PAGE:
Working for my family’s business was my first real job. It was flexible and an opportunity for me to get some work experience, develop my communication skills, and it was an opportunity for me to learn the basic foundations of working in the world of retail. New Visions forced me to adapt in ways that were unfamiliar to me. It forced me to throw myself into chaotic environments and allowed me to explore a field I thought I wanted to be part of.
After I graduated high school, college was next. Because I struggled in high school academically and socially, I had no interest in going away to experience “college life.” I was not into socializing with other students my age, and clubs and organizations, to me were a waste of time. I decided to live at home and commute to a local, two-year community college. I set the goal to become a registered nurse. The first year, I took all entry-level college classes geared towards application to nursing school. While going to school, I continued to work part-time for my family’s business and during my free time, I helped take care of my grandfather who was developing dementia. At the time, becoming a registered nurse was all I knew. I had no life experience in anything else. This was a goal that motivated me to keep going to school.
After getting through my first year of college, I entered my second year. The dates to apply for nursing school were approaching. Whenever I struck up a conversation with someone, I always told them about my pursuit to becoming a nurse. It made me feel good to know that they were happy for me. So, I kept crossing items off of the list: prerequisite courses? Done. Another internship? Done. ATI-TEAS test? Done. Submission of two applications to nursing programs? Done. Although I was getting closer and closer to reaching my goal, I never felt truly satisfied. “Why?”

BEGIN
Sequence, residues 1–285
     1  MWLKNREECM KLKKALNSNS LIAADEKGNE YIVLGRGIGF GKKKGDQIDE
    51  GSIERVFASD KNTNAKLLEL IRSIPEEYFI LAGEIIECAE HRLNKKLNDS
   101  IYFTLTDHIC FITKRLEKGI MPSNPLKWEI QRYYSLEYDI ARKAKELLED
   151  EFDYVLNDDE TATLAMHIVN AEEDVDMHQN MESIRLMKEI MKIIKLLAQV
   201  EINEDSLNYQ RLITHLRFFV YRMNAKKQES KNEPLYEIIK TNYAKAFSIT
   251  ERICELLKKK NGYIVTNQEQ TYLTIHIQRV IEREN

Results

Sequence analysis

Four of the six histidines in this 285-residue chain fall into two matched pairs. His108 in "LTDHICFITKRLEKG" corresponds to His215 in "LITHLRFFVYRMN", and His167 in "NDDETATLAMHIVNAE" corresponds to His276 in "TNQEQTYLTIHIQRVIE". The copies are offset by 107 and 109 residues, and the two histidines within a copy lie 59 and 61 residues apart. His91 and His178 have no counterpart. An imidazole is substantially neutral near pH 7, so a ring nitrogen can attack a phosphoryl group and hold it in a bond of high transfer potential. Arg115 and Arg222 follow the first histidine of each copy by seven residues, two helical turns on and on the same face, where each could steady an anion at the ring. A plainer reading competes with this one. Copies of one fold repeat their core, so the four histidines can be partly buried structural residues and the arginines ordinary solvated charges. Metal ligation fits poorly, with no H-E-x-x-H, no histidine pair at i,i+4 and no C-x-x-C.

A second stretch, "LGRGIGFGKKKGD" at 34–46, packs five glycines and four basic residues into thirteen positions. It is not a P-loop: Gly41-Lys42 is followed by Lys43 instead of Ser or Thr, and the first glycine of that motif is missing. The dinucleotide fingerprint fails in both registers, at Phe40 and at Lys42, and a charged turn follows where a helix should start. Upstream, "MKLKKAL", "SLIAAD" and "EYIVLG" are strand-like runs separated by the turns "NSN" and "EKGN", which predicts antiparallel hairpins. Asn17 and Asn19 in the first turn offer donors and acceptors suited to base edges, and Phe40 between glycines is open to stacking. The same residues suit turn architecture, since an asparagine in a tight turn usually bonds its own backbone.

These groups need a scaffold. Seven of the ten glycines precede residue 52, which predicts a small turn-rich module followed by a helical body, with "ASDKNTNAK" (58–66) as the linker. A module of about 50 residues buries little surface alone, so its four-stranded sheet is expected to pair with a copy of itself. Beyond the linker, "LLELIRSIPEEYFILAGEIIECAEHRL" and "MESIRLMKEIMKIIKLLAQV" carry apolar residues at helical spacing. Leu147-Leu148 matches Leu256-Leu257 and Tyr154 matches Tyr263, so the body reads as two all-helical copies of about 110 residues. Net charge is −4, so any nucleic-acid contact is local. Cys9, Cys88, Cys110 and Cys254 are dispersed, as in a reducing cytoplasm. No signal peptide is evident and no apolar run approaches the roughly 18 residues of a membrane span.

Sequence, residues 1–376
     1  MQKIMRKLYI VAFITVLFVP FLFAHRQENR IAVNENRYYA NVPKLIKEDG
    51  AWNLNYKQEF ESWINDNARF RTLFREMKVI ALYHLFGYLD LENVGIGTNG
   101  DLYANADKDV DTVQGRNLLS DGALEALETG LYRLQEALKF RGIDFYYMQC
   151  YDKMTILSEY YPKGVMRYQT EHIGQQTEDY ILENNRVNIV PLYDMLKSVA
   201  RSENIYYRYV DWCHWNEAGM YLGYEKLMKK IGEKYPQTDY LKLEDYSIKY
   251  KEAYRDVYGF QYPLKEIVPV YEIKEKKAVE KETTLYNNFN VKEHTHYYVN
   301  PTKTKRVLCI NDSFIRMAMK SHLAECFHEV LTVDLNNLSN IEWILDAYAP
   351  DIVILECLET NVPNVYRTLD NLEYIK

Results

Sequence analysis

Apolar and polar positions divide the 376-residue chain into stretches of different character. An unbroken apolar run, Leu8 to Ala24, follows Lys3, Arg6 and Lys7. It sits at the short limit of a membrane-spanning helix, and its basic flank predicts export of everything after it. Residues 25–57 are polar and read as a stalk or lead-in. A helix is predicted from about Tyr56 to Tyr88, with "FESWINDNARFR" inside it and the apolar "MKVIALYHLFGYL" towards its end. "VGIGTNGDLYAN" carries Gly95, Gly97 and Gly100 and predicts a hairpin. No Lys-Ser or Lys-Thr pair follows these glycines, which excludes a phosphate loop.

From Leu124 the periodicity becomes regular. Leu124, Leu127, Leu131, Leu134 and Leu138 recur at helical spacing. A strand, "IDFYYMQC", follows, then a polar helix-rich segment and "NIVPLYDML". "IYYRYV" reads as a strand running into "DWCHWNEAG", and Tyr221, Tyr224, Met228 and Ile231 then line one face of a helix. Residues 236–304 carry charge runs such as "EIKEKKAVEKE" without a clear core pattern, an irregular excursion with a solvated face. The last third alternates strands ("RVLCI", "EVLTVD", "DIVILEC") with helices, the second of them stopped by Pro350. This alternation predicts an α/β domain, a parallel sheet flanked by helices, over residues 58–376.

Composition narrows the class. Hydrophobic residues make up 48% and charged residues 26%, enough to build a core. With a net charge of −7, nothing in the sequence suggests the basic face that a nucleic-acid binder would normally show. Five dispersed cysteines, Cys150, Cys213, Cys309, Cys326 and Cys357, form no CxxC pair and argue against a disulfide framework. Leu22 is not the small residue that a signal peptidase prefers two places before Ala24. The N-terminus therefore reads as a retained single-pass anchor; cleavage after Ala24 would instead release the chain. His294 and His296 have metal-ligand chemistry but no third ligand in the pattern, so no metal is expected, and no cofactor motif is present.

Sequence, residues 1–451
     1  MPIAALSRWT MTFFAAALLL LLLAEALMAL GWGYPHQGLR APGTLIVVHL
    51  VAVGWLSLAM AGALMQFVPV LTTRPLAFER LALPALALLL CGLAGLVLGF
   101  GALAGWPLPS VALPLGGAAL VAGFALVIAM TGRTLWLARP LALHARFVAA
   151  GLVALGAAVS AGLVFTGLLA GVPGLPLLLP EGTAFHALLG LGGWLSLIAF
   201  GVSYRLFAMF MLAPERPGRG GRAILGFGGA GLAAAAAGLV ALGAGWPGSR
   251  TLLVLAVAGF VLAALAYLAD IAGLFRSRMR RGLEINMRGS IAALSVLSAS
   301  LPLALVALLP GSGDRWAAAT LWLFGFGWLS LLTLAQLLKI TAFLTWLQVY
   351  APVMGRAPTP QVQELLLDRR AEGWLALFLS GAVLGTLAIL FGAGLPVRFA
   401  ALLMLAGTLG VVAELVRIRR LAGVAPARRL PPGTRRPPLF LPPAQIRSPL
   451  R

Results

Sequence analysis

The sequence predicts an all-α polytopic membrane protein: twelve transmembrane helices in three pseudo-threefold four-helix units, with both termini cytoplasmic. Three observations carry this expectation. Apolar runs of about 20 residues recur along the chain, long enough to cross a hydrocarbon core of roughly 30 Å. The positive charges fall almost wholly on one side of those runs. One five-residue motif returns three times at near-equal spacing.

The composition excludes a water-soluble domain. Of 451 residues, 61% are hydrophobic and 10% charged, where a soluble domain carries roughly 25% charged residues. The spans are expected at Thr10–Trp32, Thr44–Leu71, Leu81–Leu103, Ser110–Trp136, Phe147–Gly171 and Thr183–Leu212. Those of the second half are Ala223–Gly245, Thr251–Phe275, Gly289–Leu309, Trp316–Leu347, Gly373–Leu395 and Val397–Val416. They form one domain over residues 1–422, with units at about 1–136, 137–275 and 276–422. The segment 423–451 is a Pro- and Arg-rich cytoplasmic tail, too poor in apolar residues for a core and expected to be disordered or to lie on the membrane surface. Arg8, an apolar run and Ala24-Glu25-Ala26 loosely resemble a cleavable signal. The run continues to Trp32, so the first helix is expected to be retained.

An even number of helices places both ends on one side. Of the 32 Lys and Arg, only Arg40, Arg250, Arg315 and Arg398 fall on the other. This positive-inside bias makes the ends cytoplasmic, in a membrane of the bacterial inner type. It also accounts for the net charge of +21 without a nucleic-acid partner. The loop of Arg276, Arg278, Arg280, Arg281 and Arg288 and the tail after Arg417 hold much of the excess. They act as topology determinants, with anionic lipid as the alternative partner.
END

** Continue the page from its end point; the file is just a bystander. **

Moving forward to spring 2015, my mother had sent me a text message stating that there was an envelope in the mail for me. I rushed home. I opened it to find out that I was accepted into nursing school. I was so proud. I told everyone at my family’s business and others who were close to me. My grandfather who had dementia and who was under full-time home health care had a big smile on his face when I told him. The smile on his face made me realize why I wanted to be a nurse.
August of 2015: nursing school was quickly approaching. I was excited to go purchase all of the required materials to be a nursing student, but, that was only a teeny piece of the package. The first couple of weeks went by fast. Classes were just introductions and clinical rotations were nothing but the lay of the land. After the first couple of weeks, the challenge became: rise by 5 A.M., be on the road by 6 A.M., meet your clinical group by 6:45 A.M., be at the hospital by 7AM, get to work, go back to school, and work on coursework. Unfortunately, this challenge turned into poor eating habits, unmanageable stomach distress, headaches, sleep deprivation and a disorganized mess, similar to what I went through in New Visions. I was realizing a pattern. . .
October 2015: I was losing control fast. I was unable to manage my responsibilities as a nursing student. I was not confident in my ability to safely and properly take care of another human being. My course grades were falling. My grandfather was declining. I was commuting day in and day out, and I was trying to hold unto my part-time job on the weekends. The day arrived: I had an emotional breakdown. I cried myself home to tell my family I was withdrawing from nursing school at the end of the week. My family advised that I find a way to adapt and to give it some time, but I am stubborn. I had to make a choice. Adapt or become defeated?
What happened next? Stay tuned.
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